We return to Pi’s Pondicherry narrative, and he remembers his favorite teacher, Mr. Satish Kumar. Mr. Kumar is an atheist communist with whom Pi feels a deep kinship. In fact, Pi says, atheists are simply people of a different faith, with strong beliefs. It is agnostics, full of doubt and uncertainty and devoid of faith, whom Pi cannot stomach.
Pi describes in vivid detail the day his father fed a live goat to a caged tiger to teach Pi and his brother, Ravi, about the danger posed by wild animals. But, according to a sign in the zoo, the most dangerous animal of all is man. Piscine explains flight distance—the minimum distance at which an animal will tolerate a potential predator or enemy. Getting animals used to the presence of humans, he continues, is the key to the smooth running of a zoo and may be accomplished by creating a good enclosure, providing food and water, and knowing each animal well. Taken care of in this way, zoo animals rarely if ever run back to the wild. On the exceptional occasions when they do, it is usually because someone or something has invaded their territory and frightened them away.
Pi discusses territoriality at greater length, explaining that animals are fiercely defensive of their particular area. They also respect the territory of other creatures, which is why lion tamers enter the cage first, establishing their dominance before the lions are brought in. Pi shifts into an explanation of why socially inferior animals—omega animals—tend to be the most obedient, loyal, and faithful to their masters. They have the most to gain from a good relationship with an alpha creature.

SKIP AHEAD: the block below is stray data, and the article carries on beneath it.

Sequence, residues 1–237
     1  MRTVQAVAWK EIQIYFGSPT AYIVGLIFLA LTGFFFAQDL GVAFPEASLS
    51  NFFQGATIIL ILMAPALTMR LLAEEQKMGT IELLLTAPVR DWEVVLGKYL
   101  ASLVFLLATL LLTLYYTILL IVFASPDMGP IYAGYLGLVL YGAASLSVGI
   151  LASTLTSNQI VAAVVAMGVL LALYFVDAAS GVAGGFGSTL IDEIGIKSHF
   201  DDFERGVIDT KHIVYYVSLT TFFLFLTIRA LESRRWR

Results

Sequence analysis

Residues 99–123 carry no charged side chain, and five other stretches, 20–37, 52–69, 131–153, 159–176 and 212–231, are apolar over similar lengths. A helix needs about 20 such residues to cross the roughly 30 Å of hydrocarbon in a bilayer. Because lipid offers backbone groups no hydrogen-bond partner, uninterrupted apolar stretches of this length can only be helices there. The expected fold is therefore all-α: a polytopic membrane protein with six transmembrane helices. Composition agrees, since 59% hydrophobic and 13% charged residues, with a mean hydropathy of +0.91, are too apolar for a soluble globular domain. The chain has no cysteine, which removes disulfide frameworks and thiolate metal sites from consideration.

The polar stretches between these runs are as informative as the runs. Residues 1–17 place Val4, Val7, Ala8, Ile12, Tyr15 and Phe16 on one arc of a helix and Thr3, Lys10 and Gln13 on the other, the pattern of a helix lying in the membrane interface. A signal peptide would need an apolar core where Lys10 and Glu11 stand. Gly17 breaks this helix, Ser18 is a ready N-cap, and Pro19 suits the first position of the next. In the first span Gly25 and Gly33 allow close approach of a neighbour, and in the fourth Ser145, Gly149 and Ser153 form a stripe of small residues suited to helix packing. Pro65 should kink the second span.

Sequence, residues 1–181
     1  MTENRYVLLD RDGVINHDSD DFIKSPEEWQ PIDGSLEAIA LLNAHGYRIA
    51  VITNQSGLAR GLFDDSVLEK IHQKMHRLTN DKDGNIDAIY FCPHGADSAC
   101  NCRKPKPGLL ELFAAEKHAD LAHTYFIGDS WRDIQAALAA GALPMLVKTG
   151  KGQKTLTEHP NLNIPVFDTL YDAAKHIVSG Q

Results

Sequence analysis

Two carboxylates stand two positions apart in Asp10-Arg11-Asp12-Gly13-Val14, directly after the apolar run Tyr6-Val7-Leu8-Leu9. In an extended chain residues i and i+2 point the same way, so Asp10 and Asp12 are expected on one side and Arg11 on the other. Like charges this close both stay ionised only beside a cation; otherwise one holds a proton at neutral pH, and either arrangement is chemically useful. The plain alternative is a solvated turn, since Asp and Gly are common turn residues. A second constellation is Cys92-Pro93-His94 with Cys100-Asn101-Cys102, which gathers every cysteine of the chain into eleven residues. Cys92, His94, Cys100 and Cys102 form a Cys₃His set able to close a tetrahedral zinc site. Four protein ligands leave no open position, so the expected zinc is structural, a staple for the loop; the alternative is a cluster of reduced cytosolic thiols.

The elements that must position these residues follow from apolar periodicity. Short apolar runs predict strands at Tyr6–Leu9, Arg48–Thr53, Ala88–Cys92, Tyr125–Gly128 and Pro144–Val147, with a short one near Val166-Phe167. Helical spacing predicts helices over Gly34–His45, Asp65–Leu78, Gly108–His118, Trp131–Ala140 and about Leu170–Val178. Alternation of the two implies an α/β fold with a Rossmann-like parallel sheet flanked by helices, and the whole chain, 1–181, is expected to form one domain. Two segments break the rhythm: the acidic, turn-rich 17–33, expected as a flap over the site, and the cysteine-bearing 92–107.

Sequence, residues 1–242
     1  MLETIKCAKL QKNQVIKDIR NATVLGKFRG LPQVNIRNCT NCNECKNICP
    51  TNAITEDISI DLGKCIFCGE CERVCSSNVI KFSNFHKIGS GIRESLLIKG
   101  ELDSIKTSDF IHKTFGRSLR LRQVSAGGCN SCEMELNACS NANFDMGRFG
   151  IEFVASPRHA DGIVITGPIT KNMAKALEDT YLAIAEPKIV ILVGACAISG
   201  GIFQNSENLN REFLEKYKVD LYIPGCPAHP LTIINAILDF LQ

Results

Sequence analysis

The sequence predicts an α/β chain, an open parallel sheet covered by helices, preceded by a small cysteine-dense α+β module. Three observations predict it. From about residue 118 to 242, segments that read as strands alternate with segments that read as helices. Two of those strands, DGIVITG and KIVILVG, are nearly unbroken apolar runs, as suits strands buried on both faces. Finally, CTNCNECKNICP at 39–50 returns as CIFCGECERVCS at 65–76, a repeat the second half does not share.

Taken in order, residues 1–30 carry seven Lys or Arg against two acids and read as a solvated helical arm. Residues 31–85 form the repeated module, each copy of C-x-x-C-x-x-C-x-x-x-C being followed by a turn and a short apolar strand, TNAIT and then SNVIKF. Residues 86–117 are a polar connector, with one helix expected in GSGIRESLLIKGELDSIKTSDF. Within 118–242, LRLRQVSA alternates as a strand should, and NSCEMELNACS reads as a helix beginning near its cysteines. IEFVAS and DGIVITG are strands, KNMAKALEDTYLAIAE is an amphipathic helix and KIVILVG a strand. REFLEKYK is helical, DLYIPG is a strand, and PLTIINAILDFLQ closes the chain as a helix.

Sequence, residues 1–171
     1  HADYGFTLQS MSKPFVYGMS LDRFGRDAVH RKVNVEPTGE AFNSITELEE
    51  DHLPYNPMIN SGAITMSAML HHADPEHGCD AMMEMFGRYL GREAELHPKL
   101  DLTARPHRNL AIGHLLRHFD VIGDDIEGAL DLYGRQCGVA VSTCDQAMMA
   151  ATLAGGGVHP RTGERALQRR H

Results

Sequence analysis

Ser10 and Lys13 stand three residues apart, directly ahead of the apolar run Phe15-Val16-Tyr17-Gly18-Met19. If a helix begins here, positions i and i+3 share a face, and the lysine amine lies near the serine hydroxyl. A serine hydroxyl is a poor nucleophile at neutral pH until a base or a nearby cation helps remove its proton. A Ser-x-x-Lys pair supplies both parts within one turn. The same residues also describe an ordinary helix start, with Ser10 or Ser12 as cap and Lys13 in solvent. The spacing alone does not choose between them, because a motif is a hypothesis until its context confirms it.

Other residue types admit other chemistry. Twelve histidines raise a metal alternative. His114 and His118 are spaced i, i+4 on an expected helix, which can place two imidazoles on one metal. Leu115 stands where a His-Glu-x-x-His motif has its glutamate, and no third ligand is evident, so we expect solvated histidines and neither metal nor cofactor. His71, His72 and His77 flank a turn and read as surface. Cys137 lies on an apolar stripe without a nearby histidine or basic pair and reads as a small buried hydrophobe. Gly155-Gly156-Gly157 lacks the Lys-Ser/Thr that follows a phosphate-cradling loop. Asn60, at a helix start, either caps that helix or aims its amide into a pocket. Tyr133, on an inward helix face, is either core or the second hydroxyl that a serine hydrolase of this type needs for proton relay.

The author reasserts his voice and describes the Patel house in Canada, which is full of various religious iconography. He sees Hindu, Christian, and Islamic paintings, statues, devotional articles, photographs, clothes, and books. Pi keeps the Bible on his nightstand.
Pi says he was born into Hinduism, becoming involved in its rites and rituals as an infant. He describes his constant hunger for Prasad, a Hindu offering to God, and the way his hands automatically move into prayer position. He discusses the Hindu philosophy of life, which he embraces: “That which sustains the universe beyond thought and language, and that which is at the core of us and struggles for expression, is the same thing.” Pi states that he has always been and will always be a Hindu.
Pi describes how, one day on holiday, when he was fourteen, he came across a church and, although he had never been in one before, stepped across the threshold. Inside, Father Martin told him the story of Christ on the cross, which Pi found very strange. When he asked to hear another story, Father Martin responded that Christianity has only one story, and the crux of it is love. Soon after, Pi decided to become a Christian; Father Martin told him he already was.
Pi's lifeboat = faith
Island = Religion
Sea and Sun = harsh realities of real life, scrutinizing your faith
Trees = clergy/priests/rabbis/imams, etc.
Meerkats = followers of religion
The overall message of the chapter is that although religion (organized faith) can aid us and stabilize us and nourish us spiritually in the short term, it is not a viable long-term answer to our spiritual questions, and will ultimately kill us mentally and spiritually.
Pi discovers the island when "
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Pi, who is named for an irrational idea that is used to pose and solve scientific whims, presents two parallel stories--he describes as one's perception of the world--to explain his survival on the Pacific for a remarkable 227 days. This is itself a momentous reflection of one's theological beliefs. This novel promises to make one believe in God, and it does. The animal story, with its far-fetched aspects, is much more difficult for the investigators to believe than the human story, as Pi says clearly annoyed, they want a story they already ... Read more→
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Truth vs. Fact
Will to survive